I hope you were joking. #1 jews at that time did NOT celebrate dates of birth but remembered dates of death. #2 the Apostles did no such thing and #3 yeshua's real date of birth can easily be calculated if you understand certain things regarding John the Baptist's birth and his father's service in the temple.
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« Reply #31 on: April 26, 2013, 08:20:12 PM »

 Hi all i have recently come to the understanding that December 25th is not the day that Christ was born, or this is what i was led to believe. One of my friends that was once catholic, then baptized Orthodox, and now recently joined and evangelical church, went on a rant last year on how she learned that Christmas is a pagan holiday and if we continue to celebrate it that we are in turn giving our worship to something other than Christ. I do understand that we do not know the exact date of Christ's birth we can only speculate as to when it happened, i also know that it could have been at another time, and this date was set as a day to celebrate Christ's birth cause we do not know when he was born. .  I want to know what the Church's point of view is on this and what do you think about it. . . If it is so pagan is it wrong to celebrate his birth on this given day?  Thanks all!!!!

St. John Chrysostom relates that in his day, it was a recent switch to Dec. 25, as Antioch had previously celebrated Nativity with Theophany on the same day.  Yet, because the imperial archives in Rome (from pagan imperial historian hands prior, yet with consensus of the Christians) showed that Christ's birth was Dec. 25, that the rest of the Church followed.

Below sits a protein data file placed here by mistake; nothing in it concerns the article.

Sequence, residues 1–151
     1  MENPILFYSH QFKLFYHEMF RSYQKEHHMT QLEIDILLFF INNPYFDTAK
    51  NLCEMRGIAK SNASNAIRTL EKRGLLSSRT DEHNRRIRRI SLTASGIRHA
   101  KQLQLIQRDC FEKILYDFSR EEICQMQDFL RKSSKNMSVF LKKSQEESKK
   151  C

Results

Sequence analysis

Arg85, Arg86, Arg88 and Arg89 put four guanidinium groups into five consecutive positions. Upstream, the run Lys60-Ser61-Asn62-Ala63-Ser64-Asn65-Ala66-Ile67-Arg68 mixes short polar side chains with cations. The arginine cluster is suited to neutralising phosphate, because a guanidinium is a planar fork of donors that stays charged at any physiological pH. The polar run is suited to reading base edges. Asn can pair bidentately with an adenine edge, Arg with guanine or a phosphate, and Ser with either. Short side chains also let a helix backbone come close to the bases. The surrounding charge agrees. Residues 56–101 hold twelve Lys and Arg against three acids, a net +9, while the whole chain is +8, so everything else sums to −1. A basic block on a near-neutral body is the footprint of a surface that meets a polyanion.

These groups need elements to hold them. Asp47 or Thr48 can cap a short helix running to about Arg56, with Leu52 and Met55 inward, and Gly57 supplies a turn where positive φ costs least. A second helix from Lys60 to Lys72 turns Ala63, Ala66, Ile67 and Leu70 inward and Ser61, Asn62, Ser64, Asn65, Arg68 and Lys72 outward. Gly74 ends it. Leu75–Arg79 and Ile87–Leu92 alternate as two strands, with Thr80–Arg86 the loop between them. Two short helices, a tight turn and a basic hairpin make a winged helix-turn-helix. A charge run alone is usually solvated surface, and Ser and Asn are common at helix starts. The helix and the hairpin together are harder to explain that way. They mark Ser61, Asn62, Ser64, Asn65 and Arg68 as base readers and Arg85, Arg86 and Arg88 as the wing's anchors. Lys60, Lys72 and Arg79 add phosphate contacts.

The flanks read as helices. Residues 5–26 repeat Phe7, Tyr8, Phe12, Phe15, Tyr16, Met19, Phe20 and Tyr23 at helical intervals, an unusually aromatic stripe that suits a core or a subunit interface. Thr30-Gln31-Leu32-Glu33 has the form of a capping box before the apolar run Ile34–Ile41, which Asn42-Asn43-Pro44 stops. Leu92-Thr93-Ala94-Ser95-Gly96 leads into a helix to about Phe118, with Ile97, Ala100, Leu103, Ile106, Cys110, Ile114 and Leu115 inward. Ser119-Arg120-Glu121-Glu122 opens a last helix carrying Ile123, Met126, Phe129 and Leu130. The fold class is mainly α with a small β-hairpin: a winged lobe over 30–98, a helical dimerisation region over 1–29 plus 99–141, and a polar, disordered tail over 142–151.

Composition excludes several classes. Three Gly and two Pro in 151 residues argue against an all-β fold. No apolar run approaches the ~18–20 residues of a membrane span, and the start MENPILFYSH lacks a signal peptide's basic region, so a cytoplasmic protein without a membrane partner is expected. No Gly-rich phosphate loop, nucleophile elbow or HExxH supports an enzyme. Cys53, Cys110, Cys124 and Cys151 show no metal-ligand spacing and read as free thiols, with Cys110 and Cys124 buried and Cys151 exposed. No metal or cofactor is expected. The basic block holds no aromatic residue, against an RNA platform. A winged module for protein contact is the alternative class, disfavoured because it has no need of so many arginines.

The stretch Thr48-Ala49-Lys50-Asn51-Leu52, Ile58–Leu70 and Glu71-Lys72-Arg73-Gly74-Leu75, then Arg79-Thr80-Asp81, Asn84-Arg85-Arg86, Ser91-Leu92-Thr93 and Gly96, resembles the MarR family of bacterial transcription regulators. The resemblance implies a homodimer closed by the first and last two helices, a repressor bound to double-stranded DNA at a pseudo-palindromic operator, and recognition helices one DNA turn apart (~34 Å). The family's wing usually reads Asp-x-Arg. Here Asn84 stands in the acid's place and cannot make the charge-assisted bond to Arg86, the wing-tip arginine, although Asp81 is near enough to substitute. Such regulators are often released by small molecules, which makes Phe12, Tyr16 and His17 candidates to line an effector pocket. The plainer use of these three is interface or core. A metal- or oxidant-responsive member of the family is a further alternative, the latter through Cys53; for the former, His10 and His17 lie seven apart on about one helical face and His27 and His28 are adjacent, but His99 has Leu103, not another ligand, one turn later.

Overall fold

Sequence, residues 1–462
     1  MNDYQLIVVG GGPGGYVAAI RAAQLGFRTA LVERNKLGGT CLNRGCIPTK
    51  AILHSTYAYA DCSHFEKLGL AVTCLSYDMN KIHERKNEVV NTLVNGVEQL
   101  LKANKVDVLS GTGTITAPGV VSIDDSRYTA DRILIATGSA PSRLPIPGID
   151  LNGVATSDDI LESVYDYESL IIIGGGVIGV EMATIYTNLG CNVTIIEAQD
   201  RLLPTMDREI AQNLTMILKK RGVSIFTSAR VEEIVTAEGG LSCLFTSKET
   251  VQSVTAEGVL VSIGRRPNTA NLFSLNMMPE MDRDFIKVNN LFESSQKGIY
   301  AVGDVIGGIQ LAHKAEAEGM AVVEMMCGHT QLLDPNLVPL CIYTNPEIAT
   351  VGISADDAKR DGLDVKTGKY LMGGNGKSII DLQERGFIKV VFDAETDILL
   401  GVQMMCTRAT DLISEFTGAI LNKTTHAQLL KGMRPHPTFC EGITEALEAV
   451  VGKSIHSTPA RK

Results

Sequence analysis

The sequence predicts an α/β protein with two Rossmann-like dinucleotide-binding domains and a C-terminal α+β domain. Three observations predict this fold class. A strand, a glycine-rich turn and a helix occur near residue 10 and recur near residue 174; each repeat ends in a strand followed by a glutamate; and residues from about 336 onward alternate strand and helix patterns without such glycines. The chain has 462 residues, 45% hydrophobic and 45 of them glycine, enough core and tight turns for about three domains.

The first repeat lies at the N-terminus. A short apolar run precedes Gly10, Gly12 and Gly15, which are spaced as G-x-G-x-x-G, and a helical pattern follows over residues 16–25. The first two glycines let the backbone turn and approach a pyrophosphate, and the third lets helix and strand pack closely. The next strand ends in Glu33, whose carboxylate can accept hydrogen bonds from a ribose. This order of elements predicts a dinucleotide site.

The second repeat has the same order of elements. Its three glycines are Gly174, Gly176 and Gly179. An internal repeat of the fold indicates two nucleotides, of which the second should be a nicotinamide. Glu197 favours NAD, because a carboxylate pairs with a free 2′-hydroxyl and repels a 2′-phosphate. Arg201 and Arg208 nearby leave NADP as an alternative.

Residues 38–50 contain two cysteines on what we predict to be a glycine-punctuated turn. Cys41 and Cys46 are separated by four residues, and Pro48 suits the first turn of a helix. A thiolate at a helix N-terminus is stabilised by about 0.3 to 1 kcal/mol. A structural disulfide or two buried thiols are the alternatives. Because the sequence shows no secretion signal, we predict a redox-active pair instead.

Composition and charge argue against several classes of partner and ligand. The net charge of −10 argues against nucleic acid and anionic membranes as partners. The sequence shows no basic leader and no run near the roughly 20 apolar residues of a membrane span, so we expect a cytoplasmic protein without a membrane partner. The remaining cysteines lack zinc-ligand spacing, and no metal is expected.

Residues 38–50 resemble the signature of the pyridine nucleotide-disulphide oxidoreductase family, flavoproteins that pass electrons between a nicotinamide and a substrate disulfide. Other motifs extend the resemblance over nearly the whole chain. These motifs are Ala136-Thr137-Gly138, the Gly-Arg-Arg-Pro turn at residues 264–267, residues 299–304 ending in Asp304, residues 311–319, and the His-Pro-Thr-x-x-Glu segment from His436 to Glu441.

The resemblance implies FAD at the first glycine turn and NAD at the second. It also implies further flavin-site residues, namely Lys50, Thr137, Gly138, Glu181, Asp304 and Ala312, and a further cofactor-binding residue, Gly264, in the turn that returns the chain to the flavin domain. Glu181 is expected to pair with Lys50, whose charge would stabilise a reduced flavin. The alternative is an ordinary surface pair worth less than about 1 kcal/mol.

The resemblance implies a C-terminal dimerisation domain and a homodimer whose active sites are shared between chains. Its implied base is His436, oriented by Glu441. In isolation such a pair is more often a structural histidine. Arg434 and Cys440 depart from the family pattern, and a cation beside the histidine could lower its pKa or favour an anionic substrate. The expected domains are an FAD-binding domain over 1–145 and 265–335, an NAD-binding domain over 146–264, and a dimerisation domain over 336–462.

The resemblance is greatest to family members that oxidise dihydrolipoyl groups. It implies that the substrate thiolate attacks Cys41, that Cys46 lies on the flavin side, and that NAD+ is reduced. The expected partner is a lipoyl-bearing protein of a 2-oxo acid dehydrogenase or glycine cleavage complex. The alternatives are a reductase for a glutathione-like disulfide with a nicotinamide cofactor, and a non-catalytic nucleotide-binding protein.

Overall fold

Yes, once again Rome was involved and others blindly followed...
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« Reply #32 on: April 26, 2013, 10:32:00 PM »

#3 yeshua's real date of birth can easily be calculated if you understand certain things regarding John the Baptist's birth and his father's service in the temple.

St. John Chrysostom does just that in one of his homilies for the Feast of the Nativity.

He assumes that St. Zacharias was the High Priest. St. Luke says he was alone when the angel appeared to him. The only time of the year when the High Priest would have been alone in the Temple with all the people waiting outside was Yom Kippur, i.e. the tenth day the month of Tishri (September/October). Yom Kippur could have fallen some time around the 25th of September that year. (The High Priest would have had to purify himself 7 days before the feast, so the conception of St. John might have already occurred.) When St. Elizabeth was six months pregnant (~25th of March of the following year), Gabriel appears to the Theotokos. Three months later (~June 24th) St. John is born. Add another six months and you have the Nativity of Our Lord.